The mask slips
In late April, when Asians pay respects to the dead, four members of the cabinet led by Deputy Prime Minister Taro Aso and more than 150 members of parliament made a pilgrimage to the Yasukuni Shrine in downtown Tokyo. It honors the spirits Japanese war dead, but also includes those of 14 Class-A war criminals condemned and executed for plotting to invade neighboring countries.
Abe was not among them, but his statements in defense of their visit were perhaps more bellicose than they had to be. "My ministers will not yield to any kind of intimidation." He told parliament defiantly. It is natural, he said, to express respect to those who have died for their county. He donated a tree as a personal offering.
The visits were condemned not just from South Korea and China, as one might expect, but also from opinion leaders in the United State and abroad. Both the Washington Post and New York Times denounced the visits, especially as they came at a sensitive time when relations with between Japan and its neighbors are strained and North Korea is making threats.
Washington made no official protest itself, but can hardly be pleased with this sudden shift toward Japanese nationalism. Its desires to bring Seoul and Tokyo closer together to form a united front against North Korean provocations are constantly undercut by these unnecessary and inflammatory pilgrimages to the shrine.
The last time the Yasukuni roiled relations with neighbors was during the long (by Japanese standards) administration of Junichiro Koizumi, who made annual visits to the shrine in his official capacity. Ironically it was his successor, Abe, who restored relations and good will with China by declining to visit the shrine, something he now says he deeply regrets.
The Yasukuni Shrine has long been connected with state Shinto and an ultranationalist and inflammatory interpretation of Japan's actions in World War II as being a wholly selfless effort to liberate Asia of European colonialism. Needless to say, other countries occupied by Japan don't see things that way.
During the first months of his administration, Abe successfully suppressed what the Financial Times called in an editorial his hidden "inner nationalism." His plan was to concentrate laser-like on economic revival building up popularity, well aware that his unpopular focus on history and the constitution had undercut his government and led to his resignation after only one year in office in 2007.
It may be that his government's continuing popularity may be going to his head, as expressed in public opinion polls that show that more than 70 percent of Japanese approve of his initial moves to revive the economy, called "Abenomics" and that he, to again quote the Financial Times, "let the mask slip."
The general election for half of the House of Councillors, the upper house of Japan's bicameral parliament scheduled for July, was also said to exert some restraint, as Abe is very keen on winning. But the government seems to believe more and more that the election is in the bag. The recent landslide election of the LDP candidate in a upper house by-election on April 28 seems to support that notion.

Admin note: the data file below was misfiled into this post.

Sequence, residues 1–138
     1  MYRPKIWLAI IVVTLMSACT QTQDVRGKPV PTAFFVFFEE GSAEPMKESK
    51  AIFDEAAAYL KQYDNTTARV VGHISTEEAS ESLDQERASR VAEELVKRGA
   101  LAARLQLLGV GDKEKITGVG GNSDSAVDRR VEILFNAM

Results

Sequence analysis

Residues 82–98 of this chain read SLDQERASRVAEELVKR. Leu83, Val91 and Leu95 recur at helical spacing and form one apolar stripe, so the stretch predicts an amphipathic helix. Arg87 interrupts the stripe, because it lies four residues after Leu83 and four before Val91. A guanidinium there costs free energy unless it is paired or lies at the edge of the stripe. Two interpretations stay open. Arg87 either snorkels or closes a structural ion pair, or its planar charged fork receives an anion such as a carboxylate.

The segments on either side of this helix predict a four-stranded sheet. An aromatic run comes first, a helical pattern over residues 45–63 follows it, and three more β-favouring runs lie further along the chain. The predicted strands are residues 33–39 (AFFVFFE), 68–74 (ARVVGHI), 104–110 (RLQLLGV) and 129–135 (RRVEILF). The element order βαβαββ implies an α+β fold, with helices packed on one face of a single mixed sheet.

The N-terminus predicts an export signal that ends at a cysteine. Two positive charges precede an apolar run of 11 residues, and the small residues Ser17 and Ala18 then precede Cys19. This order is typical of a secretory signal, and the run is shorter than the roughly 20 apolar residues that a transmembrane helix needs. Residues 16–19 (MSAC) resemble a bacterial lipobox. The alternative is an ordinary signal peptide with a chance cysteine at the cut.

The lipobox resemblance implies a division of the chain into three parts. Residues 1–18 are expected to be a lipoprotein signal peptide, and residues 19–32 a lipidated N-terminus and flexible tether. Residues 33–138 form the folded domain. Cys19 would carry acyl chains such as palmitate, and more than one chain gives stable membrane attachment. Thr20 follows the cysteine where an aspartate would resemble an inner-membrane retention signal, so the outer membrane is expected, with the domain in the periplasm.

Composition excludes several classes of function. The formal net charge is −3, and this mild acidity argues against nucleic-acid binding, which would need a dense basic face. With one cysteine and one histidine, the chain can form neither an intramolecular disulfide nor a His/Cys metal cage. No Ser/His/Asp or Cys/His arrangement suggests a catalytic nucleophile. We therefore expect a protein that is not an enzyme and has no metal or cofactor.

On that same day, the government held what was billed as first "National Sovereignty Day." The date was said to commemorate the 61st anniversary of the signing of the Treaty of San Francisco in 1952, which restored Japan sovereignty and ended the American Occupation (save for Okinawa, which was returned only in 1972.)
Speaking in the presence of the Emperor and Empress, Abe said "the next task for us is to revise the Constitution," That goal called attention to another conservative obsession, revising the constitution that was written by Americans during the Occupation. It seemed to have lot to do with the elevation of the date, April 28, which previously had no special meaning to most Japanese.
Amending or abolishing the constitution in favor of a new one has been a hobby horse of Japanese conservatives, including Abe for years. They say that it is humiliating to be governed under a document written mainly by foreign occupiers. The extreme nationalist Shintaro Ishihara says he would have ditched the whole thing as soon as Japan was free to do so.
Ishihara is not a fringe figure. He is the co-leader of the Japan Restoration Party, which with 51 seats is the third largest bloc in the lower house of parliament. The other co-leader, Osaka Mayor Toru Hashimoto, shares his feelings about changing the charter.
Abe has already met with leaders of this party and the two could easily put together the two-thirds majority needed to change the document (whether the two thirds could be mustered in the upper house even after an electoral victory is debatable.) Their first move will be to change that rule to allow a simple majority enough to approve amendments subject to a national plebiscite.
Although most attention is focused on repealing or altering the famous "no war" Article 9, the LDP's proposed alternative charter, made public a year ago even before the general election, goes much further in replacing what it terms foreign universal values with more traditional Japanese values, as they view them.
Many will be watching what the new government does in August, the traditional time, linked to Japan's surrender on August 15, when Japanese leaders make official visits to the Yasukuni Shrine if in fact they are going to make them. Whether they make the visits may depend on how the Japanese public reacts to this recent testing of the political waters.
At the moment there are no current public opinion polls to test the public reaction (though much commentary on Sunday talks shows was negative). One thing is fairly certain. The Abe administration will be more strongly influenced by local opinion than that of its neighbors. Asia Sentinel